No matter how great the acting is (and it's amazing) or how nicely shot and edited a film is, it's the art direction that brings a movie to life. Art Direction sets up the overall tone and theme of the story, and if done wrong, then the movie with subconsciously fails and you won't even know why. Great Art Director lets you smell and feel the movie without having to move a finger. Doubt puts you right into the world of what it is to be Catholic. Production Designer David Gropman has made it a career (The Cider House Rules, Chocolat, A Walk in the Clouds, Of Mice in Men etc..) working on films with a small setting and making that world very large for the audience. Brilliant job in Doubt.

So Shanley brings together what is perhaps the three brightest minds working in film today as his main collaborators. This is what you call getting the job done. You want your play turned into a movie, you just hire the main collaborators for the top filmmakers working today.

But we can't forget the acting in Doubt because it's extraordinary. It's a cliche now to talk about how great an actor Meryl Streep is, but Meryl Streep is a great actor. She make things look so easy. The role of Sister Aloysius Beauvier is an impossible role for an actor to play. It's such a complex character and it's that line the actor must carefully walk on where the audience fears her and likes her at the same time. I hate doing this because acting is such a subjective art, but Streep's performance in Doubt is the best performance I've seen since Daniel Day-Lewis in There Will Be Blood.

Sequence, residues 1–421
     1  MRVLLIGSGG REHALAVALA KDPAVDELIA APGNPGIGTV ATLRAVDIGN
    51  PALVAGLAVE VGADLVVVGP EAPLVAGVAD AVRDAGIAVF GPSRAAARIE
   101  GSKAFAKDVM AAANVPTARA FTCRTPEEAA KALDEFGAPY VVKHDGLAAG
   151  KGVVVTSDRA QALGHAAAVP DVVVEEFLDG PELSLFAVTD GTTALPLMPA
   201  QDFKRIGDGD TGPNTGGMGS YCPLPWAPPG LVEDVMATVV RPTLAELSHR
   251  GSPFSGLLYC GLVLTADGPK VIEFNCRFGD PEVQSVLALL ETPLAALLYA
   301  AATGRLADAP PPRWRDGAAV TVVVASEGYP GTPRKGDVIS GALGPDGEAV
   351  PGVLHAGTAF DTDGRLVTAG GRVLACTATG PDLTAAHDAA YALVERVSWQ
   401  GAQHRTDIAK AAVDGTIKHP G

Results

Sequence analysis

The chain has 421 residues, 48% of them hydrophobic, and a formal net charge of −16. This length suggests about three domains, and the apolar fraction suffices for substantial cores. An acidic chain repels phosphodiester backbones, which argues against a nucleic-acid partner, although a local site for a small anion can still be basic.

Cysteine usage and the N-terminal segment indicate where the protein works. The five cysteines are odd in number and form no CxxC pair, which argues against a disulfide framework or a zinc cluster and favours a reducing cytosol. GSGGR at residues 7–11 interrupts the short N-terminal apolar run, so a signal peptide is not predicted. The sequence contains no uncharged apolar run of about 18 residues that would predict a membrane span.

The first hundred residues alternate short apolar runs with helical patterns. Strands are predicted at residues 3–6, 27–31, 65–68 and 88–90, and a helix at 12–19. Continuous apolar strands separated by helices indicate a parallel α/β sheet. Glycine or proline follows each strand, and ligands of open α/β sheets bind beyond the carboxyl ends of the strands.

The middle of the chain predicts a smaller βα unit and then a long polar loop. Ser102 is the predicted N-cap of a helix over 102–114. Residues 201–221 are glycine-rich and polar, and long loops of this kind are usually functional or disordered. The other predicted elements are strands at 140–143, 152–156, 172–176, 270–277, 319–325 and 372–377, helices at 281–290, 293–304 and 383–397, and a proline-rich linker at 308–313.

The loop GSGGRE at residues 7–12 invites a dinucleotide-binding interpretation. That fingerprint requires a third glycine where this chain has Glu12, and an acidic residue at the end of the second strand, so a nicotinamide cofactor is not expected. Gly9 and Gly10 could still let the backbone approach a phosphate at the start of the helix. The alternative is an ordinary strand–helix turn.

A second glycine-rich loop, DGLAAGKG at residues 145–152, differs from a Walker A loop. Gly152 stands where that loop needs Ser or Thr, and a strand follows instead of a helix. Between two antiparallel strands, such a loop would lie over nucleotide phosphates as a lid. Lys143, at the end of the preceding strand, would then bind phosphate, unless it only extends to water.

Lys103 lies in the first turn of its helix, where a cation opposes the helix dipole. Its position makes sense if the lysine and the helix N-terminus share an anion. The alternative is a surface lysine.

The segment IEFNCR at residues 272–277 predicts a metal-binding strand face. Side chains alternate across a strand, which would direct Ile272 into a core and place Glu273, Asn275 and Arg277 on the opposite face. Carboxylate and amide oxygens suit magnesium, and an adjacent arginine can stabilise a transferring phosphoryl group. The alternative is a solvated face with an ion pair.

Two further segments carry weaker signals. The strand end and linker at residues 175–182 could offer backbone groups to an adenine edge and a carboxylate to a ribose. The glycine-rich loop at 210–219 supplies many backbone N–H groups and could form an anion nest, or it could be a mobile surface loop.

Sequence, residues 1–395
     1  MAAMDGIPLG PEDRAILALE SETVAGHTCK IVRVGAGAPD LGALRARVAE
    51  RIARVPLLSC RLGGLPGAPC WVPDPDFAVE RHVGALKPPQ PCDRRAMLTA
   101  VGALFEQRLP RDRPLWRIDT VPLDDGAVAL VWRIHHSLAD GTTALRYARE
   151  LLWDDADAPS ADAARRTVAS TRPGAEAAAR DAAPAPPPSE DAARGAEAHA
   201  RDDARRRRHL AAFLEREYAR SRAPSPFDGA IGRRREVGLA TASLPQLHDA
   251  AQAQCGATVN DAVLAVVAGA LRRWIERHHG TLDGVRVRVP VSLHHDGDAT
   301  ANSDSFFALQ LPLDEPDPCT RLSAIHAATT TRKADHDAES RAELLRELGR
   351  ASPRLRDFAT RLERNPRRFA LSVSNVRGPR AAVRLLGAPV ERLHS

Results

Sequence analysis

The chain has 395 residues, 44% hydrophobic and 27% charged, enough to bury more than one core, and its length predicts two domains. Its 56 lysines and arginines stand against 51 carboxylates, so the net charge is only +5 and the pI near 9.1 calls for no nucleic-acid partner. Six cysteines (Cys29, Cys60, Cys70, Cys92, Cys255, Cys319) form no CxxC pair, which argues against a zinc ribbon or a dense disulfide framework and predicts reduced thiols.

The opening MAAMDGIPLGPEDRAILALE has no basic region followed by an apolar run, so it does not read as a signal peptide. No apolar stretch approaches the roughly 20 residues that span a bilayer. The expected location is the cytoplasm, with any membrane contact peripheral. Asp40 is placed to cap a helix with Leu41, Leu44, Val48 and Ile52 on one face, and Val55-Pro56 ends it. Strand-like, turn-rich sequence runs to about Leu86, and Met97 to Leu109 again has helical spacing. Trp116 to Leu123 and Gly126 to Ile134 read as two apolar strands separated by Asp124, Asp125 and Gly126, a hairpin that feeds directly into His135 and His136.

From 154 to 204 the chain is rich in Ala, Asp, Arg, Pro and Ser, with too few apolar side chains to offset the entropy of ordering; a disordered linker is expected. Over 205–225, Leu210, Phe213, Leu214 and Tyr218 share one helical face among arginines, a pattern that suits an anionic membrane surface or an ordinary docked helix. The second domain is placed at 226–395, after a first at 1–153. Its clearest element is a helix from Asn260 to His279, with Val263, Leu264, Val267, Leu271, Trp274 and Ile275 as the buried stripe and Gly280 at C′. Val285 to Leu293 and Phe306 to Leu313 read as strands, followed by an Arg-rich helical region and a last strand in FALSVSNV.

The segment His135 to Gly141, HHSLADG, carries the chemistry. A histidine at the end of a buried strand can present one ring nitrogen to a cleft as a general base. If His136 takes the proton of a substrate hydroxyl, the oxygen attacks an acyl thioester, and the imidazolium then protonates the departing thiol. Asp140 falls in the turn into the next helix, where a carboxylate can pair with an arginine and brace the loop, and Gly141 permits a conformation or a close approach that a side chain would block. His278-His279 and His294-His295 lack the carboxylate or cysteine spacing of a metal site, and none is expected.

Then there's Philip Seymour Hoffman, another great actor working today. Doubt is what you call an all-star team movie. Every major above-the-line position in the film are the best of the best.

The theme of Doubt is Doubt. What does doubt mean really? We all have it and we all can relate to that feeling. For me it's when I'm not feeling outwardly enough to trust my instincts on a subject. I'm unsure. And being unsure is when I get insecure and then I'm not at my best.

The dictionary defines doubt like this:
1. to be uncertain about; consider questionable or unlikely; hesitate to believe.
2. to distrust.
3. Archaic. to fear; be apprehensive about.

Doubt is a dangerous emotion but it can also lead you down the path of integrity if you really battle it. What makes doubt dangerous for me is that if you don't deal with it, then it can destroy a part of your soul and other's souls around you.

And putting a movie about this very polarizing and captivating emotion inside of a Catholic church is what you call a masterstroke!

This is a film I hope everyone sees. I love this movie the more I think about it. And this is also a movie that won't be dated. Us humans are in such a primal stage in our evolution, this movie will probably be relatable for people 200 years from now.